In this Issue:
  • The Air Potato Challenge
  • NISAW 2018: Invasive Bamboo
  • NISAW 2018: It’s Growing So Well It Must Be A Good Plant
  • NISAW 2018: Chemical Control for Invasive Plants
  • NISAW 2018: Well Behaved Cultivars That Help With Invasive Issues
  • NISAW 2018: Where are we on the Management of Lionfish?
  • NISAW 2018: Successful Feral Hog Management
  • NISAW 2018: Channeled Apple Snails (Pomacea canaliculata)
  • NISAW 2018: A lovely but troublesome tree, Mimosa (Albizia julibrissin)
  • Tree Privet (Ligustrum lucidum)
  • Invasives

    The Air Potato Challenge

    By L. Scott Jackson and Julie B. McConnell, UF/IFAS Extension Bay County Northwest Florida’s pristine natural world is being threaten by a group of non-native plants and animals known collectively as invasive species. Exotic invasive species originate from other continents and have adverse impacts on our native habitats and species. Many of these problem non-natives …

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    NISAW 2018: Invasive Bamboo

    Standing in the midst of a stand of bamboo, it’s easy to feel dwarfed. Smooth and sturdy, the hollow, sectioned woody shoots of this fascinating plant can tower as tall as 70 feet. Unfortunately, bamboo is a real threat to natural ecosystems, moving quickly through wooded areas, wetlands, and neighborhoods, taking out native species as …

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    NISAW 2018: It’s Growing So Well It Must Be A Good Plant

    You know that plant in the corner of the yard that seems to be taking over?  It’s the one that your friend “passed along” because they had plenty of them and wanted to share.  After all, it grows so well.  How can you go wrong? The odds are that vigorous plant is a non-native species.  …

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    NISAW 2018: Chemical Control for Invasive Plants

    Chemical (Herbicide) treatments, while not the only option, are often required for effective control of woody invasive species. When treating woody invasive species there are three common, relatively simple techniques for applying herbicide; Foliar, Basal, and Cut Stump. Foliar Applications – spray solution is applied directly to leaves. For these applications to be effective leaves …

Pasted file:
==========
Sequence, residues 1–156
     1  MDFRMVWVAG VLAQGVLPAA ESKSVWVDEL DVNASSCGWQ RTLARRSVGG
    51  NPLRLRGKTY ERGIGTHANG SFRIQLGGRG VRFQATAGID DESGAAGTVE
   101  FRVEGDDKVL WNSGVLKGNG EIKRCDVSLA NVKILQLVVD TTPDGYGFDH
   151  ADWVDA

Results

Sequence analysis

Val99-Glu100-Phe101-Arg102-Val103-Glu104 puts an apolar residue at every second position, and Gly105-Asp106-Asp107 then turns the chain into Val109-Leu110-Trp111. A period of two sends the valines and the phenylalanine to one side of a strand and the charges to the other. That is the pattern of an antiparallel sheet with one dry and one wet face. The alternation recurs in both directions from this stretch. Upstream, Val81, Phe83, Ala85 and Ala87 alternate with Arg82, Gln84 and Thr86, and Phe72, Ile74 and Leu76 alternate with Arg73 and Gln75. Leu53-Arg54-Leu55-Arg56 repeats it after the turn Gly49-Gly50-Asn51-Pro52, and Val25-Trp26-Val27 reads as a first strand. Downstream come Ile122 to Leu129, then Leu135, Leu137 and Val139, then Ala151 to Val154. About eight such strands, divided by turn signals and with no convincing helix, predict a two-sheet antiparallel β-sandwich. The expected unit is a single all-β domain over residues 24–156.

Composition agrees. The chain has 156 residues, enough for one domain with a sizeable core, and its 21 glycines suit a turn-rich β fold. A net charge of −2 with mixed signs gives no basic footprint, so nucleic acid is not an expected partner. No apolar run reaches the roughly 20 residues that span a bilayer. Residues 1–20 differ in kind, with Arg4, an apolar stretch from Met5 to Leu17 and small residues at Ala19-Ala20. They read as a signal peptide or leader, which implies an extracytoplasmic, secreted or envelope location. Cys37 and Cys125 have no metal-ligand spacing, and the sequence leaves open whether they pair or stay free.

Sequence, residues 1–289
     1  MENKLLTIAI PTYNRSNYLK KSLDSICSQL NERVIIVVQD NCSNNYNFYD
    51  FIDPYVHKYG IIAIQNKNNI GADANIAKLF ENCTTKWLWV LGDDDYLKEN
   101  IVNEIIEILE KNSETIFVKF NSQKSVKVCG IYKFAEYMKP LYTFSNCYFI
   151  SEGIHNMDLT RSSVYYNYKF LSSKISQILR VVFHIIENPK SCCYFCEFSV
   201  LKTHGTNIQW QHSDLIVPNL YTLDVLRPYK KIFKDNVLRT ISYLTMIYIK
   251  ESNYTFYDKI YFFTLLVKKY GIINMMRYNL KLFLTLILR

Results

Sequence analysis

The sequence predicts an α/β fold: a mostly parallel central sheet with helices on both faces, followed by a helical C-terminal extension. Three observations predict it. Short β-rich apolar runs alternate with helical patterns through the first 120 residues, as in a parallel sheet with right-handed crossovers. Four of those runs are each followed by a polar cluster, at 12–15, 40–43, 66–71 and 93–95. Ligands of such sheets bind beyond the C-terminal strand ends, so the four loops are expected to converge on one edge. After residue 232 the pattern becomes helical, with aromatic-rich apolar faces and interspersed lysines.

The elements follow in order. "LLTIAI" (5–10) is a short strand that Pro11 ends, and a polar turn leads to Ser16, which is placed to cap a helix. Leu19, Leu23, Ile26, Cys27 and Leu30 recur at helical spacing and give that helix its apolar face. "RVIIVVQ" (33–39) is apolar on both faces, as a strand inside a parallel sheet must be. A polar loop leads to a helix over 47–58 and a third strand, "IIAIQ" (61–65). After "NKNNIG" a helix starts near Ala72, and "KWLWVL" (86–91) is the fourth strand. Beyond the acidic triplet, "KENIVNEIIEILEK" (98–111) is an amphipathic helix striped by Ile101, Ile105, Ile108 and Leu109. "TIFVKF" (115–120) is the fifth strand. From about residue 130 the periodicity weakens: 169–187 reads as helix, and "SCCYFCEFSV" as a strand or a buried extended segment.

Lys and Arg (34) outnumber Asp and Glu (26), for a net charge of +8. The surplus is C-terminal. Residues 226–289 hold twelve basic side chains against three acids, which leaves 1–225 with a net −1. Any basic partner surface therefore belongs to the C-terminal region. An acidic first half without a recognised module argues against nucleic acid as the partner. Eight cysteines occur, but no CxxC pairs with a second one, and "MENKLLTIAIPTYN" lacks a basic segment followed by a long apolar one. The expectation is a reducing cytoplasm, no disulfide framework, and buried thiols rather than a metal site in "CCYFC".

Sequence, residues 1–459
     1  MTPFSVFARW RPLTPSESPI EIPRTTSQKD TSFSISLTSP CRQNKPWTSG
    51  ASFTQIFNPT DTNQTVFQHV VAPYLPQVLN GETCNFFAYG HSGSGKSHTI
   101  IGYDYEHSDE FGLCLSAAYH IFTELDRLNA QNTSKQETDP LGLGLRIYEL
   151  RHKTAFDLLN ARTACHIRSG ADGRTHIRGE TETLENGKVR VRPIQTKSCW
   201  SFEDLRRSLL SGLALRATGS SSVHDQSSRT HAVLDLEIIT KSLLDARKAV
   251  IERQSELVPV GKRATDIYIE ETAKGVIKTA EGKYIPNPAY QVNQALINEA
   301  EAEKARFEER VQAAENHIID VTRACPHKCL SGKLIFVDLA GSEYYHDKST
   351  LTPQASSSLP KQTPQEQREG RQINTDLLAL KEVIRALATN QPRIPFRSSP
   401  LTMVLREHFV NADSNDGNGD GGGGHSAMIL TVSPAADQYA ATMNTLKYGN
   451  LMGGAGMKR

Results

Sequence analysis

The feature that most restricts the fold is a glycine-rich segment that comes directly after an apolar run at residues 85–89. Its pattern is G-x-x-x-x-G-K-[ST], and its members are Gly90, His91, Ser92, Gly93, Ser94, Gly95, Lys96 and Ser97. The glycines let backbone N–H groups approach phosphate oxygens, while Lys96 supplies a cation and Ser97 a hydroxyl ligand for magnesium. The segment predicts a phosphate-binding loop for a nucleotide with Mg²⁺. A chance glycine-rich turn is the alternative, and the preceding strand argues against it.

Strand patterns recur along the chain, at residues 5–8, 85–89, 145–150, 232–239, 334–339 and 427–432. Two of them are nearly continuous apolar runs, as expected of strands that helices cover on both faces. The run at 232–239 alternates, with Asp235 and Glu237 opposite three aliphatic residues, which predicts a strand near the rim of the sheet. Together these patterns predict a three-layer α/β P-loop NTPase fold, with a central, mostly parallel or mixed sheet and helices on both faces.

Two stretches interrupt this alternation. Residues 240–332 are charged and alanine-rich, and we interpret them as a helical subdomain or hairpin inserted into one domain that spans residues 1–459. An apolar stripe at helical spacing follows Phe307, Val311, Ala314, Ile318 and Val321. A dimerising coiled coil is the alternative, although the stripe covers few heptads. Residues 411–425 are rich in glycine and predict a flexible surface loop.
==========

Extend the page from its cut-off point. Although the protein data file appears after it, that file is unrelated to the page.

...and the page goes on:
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    NISAW 2018: Well Behaved Cultivars That Help With Invasive Issues

    An invasive plant is defined as a plant that is non-native to the ecosystem under consideration and whose introduction causes or is likely to cause economic or environmental harm or harm to human health (National Invasive Species Council, 2001). Research supports the fact that invasive plants damage natural areas, but there is great debate over …

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    NISAW 2018: Where are we on the Management of Lionfish?

    Since the first lionfish was spotted off Pensacola in 2010, panhandle organizations have been busy trying to control the spread of this invasive species. The story is well known to many… the lionfish is a voracious predator, consuming at least 70 different species of small reef fish, including vermillion snapper.  They reproduce frequently, producing an …

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    NISAW 2018: Successful Feral Hog Management

    Despite efforts by public and private land managers, feral hog populations continue to rise in many areas in Florida. Feral hogs damage crop fields, lawns, wetlands, and forests.  They can negatively impact native species of plants and animals.  Their rooting leads to erosion and decreased water quality. There are several options for controlling feral hogs. …

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    NISAW 2018: Channeled Apple Snails (Pomacea canaliculata)

    When you think of snails, you probably aren’t thinking about scary monsters that have been unleashed to terrorize us all. I’m here to warn you that you should. The channeled apple snail (Pomacea canaliculata) is a known agricultural pest that competes with native snail species. In our area (panhandle Florida, Hurlburt Field to be exact) …

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    NISAW 2018: A lovely but troublesome tree, Mimosa (Albizia julibrissin)

    All along the roadsides and in home landscapes in summer, a profusion of fluffy pink blossoms are adorning trees known as mimosa, or Albizia julibrissin. This native of China was introduced to home landscapes in this country in the 1700’s to enjoy the fragrant, showy flowers and fine, lacy foliage. However, there is a dark …

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    Tree Privet (Ligustrum lucidum)

    Keep your eyes open for this Category 1 FLEPPC invader. When the Florida Exotic Pest Plant Council deems a plant a Category 1, it means that the plant is capable of altering native ecosystems by displacing native species. Other common names for this Ligustrum include glossy privet and wax-leaf ligustrum, which are fitting descriptions of …

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